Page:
Need some suggestions regarding a file server

So I am looking to build a file server and haven’t really built anything like this before so I wanted to get some suggestions from people who are more informed. Currently I had been using a old prebuilt as a file server but I can only fit 2 hard drives into it both which I have nearly filled to capacity at this point. I got a pretty great deal on two 8TB WD easystores a few months back that I am just waiting to shuck and put into this new build I plan on making.

Low power/heat output is a necessity. I had been looking into the Gemini Lake motherboards that should be coming out soon since they should fit the bill perfectly on the power/heat front.

One question I had is whether using a SSD, even a cheap small one makes sense for a file server. I wasn’t sure if any of these gemini lake motherboards would have a M.2 that would allow me to use a SSD (and also free up a sata port for the 2 new drives and the 2 drives I am currently using).

Also assuming I went with this platform in the future if I wanted to add more storage and I have already used all the existing sata ports how many more drives would I be able to add with a sata card?

Also any specific recommendation’s for a case on a build like this? smaller would be ideal but I’m open to suggestions especially if its something you have experience with and can attest to.

This one already has 4 Sata Ports already built in. Might be worse checking out before grabbing an expansion card.

SSD as boot drive is well kinda reasonable for longevity and faster install, but other than that you won´t see any benefit over grabbing any random USB stick. Just make sure to image the USB stick once your server runs, so you don´t have to redo it when the Stick might die.
On this Asrock board, you can´t use a M.2. SSD anyways.

Not really sure if that´s the best thing to buy though.

4 ports is kinda meh IMO, but if it’s enough for you then go with it.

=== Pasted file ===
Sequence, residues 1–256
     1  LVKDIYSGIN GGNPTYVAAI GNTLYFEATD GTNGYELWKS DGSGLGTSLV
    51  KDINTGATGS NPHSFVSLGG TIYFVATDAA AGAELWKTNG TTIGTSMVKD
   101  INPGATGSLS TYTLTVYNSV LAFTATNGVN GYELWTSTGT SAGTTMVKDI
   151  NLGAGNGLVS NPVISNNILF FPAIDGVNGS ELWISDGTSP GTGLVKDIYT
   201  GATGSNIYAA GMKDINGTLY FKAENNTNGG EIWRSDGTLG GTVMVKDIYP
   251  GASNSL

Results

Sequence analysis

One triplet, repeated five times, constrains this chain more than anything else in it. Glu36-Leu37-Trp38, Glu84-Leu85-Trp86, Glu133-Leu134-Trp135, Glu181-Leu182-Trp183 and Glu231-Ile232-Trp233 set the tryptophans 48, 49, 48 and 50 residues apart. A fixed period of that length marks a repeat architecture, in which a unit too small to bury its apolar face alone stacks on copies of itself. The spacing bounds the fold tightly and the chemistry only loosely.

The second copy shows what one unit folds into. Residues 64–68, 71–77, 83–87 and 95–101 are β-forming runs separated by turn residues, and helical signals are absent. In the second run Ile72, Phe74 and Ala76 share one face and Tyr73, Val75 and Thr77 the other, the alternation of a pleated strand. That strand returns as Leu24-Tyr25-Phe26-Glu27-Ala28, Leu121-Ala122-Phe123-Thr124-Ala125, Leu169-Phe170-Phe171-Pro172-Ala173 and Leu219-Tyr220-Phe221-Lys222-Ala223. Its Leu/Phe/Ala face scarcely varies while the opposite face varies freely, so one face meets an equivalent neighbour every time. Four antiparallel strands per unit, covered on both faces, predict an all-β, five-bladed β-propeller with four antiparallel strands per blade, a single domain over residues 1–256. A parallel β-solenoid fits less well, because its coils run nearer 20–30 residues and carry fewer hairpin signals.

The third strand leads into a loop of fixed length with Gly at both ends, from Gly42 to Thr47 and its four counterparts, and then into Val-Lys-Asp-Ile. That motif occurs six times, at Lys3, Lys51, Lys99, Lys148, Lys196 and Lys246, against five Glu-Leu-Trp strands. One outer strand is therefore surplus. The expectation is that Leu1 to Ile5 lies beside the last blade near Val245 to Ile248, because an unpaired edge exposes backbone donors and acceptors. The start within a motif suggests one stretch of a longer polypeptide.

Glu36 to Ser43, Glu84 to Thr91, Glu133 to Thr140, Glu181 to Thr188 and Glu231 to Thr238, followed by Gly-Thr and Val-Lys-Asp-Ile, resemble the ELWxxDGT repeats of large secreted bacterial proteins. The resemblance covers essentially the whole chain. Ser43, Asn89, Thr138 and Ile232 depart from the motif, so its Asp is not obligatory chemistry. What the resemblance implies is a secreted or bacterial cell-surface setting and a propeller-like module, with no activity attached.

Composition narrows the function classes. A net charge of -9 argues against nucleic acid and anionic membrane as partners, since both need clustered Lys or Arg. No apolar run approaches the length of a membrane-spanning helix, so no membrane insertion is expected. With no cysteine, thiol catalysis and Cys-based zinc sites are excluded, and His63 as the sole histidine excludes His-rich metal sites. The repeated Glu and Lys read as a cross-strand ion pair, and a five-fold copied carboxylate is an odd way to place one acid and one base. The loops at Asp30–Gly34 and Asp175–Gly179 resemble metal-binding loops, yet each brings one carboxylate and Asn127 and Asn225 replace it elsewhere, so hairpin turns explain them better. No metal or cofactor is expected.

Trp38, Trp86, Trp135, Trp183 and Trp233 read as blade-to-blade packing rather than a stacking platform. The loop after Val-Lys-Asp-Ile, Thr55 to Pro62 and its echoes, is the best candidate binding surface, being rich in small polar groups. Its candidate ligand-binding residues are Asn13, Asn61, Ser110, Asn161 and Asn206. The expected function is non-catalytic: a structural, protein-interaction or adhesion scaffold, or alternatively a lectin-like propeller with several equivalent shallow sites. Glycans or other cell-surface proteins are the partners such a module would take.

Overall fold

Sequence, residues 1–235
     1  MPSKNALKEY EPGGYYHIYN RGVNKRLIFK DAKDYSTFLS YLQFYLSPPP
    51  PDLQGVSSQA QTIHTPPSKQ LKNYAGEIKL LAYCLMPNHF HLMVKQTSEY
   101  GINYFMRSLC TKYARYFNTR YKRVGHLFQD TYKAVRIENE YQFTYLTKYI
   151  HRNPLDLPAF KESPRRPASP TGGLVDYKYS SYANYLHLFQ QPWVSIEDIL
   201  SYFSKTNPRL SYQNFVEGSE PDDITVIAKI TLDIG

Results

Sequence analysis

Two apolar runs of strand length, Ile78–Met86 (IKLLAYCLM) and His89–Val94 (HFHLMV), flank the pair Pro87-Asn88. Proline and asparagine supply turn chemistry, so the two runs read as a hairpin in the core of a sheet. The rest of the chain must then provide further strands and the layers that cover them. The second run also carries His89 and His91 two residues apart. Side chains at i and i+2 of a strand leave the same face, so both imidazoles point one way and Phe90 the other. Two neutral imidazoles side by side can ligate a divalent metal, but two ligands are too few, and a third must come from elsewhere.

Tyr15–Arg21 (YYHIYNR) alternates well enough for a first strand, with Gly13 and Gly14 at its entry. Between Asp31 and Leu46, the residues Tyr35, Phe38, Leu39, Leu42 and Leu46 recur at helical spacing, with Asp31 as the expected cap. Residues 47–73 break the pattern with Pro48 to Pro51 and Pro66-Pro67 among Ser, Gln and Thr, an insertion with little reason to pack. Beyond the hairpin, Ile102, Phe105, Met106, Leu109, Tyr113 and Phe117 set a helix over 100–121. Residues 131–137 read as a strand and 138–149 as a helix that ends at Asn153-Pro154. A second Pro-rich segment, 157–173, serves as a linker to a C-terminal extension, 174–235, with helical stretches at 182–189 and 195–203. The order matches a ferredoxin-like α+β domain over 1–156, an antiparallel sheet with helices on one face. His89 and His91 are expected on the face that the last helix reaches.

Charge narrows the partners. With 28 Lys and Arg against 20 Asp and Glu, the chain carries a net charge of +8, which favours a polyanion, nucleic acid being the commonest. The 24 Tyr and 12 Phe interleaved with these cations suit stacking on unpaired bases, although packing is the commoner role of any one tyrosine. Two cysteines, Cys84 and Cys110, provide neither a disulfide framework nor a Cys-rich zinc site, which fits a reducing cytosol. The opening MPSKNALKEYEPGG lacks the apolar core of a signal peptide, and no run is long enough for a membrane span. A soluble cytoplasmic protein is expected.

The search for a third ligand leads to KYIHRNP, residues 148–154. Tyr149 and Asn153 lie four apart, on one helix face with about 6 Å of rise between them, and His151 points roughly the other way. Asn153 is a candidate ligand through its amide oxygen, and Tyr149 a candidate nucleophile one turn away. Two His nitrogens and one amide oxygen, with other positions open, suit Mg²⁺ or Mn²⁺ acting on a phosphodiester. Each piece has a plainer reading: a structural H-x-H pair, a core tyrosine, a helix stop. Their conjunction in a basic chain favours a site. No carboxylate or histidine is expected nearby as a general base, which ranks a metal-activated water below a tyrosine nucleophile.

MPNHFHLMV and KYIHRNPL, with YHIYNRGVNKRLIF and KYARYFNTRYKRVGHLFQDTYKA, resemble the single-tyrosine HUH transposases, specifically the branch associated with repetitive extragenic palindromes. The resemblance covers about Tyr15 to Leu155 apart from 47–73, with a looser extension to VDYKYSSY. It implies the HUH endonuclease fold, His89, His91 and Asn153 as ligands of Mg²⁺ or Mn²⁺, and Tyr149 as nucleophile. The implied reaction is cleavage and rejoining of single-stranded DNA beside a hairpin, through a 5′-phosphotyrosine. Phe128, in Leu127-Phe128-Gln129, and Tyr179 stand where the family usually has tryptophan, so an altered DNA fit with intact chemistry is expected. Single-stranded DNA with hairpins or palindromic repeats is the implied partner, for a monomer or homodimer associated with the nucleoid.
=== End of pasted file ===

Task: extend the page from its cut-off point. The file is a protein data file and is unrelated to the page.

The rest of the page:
As for cases the Fractal Node 304 fits 4 HDDs (+ SSD if you want), Wendell once built the nasferatu in it (just look itup on YouTube) using a C2750D4I and he was pretty positive about it. If you need more space I can recommend the Node 804, it’s not quite as compact, but it fits 12 drives natively (10x 3.5’’, 2x 2.5’’), but can easily be modded for more.

I personally also use the C2750D4I and I’m also happy with it, except for the atom hardware bug that makes them tend to die.

As for SSD, depends how you use the server. If you can/want to use the SSD as cache it might be worth it.

I’ve got the J3455-ITX. Much cheaper, and only a little slower. Same exact board except for the CPU.
What you can do is put the SSD in a USB3 port via an adapter, which can be had for very cheap. Alternatively in the internal slot.

@mihawk90 The Node 304 fits 6 drive bays. If you use SSD’s (or 2.5" HDD’s) you can even fin 12, as you can get an adapter with two layers. Although fitting a PCIe to SATA, or a graphics card will potentially block 2 of the 3.5" drive bays.

Mh was it 6 even… well, even better.

I have a board with an Intel J2900 (the ASRock Q2900). With an ATX PSU and a SSD it only uses ~17 Watts in idle. I have two PCIe cards with SATA ports on them in the board (its mATX).

These CPUs are used in the higher-end Synologys and other NASes.

Would using a SSD through a USB3 adapter just be to free up a SATA port for HDD? Because wouldn’t the SSD be limited performance wise when going through USB3?